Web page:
News : Naylor Brothers Restorations Ltd closes after 50 years

Carole Nash Classic Insurance Specialists

Mike Humble

Alastair Naylor standing next to one of the 100 TF 1700s which the company built between 1984 and 1986
Alastair Naylor standing next to one of the 100 TF 1700s which the company built between 1984 and 1986

Located just outside Shipley, Naylor Brothers Restorations Limited has closed down after many years of association with classic MG cars. Specialising in classic and sporting car renovation, the company started by Alastair and David Naylor also became known for the building of the Naylor TF 1700 – a modern, high-quality homage to the classic MG TF, which was launched at the International Motor Show in 1984. The car used a purely ARG driveline which mated a 1.7-litre O-Series Morris Ital engine and gearbox with a Triumph Dolomite rear axle.

The company was formed after the two brothers decided to make a business out of their shared passion for repairing and racing the MG T series range of two-seater sports cars. David left the business some years ago, leaving Alastair at the helm. The company also went on to become the first BMIH-accredited business back in the 1980s. In progress and pending restoration work has been transferred to Chris Baker of nearby Yorkshire Restorations.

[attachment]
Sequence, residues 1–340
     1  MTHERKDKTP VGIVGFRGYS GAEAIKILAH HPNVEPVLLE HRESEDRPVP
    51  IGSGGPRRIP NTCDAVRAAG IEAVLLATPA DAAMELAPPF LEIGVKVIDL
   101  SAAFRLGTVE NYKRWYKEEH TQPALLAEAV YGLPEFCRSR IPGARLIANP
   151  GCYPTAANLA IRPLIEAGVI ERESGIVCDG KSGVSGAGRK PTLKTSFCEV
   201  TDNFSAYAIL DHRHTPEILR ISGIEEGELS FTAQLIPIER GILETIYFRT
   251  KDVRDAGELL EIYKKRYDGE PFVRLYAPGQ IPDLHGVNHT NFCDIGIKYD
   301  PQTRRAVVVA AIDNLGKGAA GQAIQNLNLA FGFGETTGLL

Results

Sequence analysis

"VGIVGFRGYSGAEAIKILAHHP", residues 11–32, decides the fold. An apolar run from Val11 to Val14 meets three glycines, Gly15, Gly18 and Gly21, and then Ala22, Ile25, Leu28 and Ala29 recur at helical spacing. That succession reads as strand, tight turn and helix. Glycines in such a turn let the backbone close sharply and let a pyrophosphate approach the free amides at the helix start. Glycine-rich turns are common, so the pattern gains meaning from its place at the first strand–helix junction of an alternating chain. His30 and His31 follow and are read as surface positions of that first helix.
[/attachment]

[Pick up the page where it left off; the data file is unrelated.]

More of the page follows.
Mr Naylor told AROnline recently: ‘It’s for no other reason that I simply wish to retire. Not only do we mark 50 years of business in 2016, but it’s soon to be my 75th birthday so I feel the timing is just right to enjoy life and take things easy.’

Alastair and Pat Naylor would like to thank their colleagues, contacts, customers and suppliers for all their friendship and support over the past 50 years.

Mike Humble

Upon leaving school, Mike was destined to work on the Railway but cars were his first love. An apprenticeship in a large family Ford dealer was his first forray into the dark and seedy world of the motor trade.

Moving on to Rover and then PSV / HGV, he has circumnavigated most departments of dealerships including parts, service and latterly - the showroom. Mike has owned all sorts of rubbish from Lada to Leyland and also holds both Heavy Goods & Public Service Vehicle licences, he buys & sells buses and coaches during the week. Mike runs his own automotive web site and writes for a number of motoring or commercial vehicle themed publications


  1. It’s a shame, but then if you’ve no one to pass the business on to.. Plus the requirements to licence a new car are as stringent as some of them are ridiculous.
    The small companies here seem to be nothing more than a target, whereas in other countries, like the US,they’re actively supported.
    I wonder how many of those 1700 cars they made, shame since a new version might actually be a sensible home for an ecoboom or small gasoline explosion.. Although 325hp out of a 2.3 is impressive and might make something like a 64 Cadillac DeVille a sensible green proposition – the original engine got about 11mpg(us).

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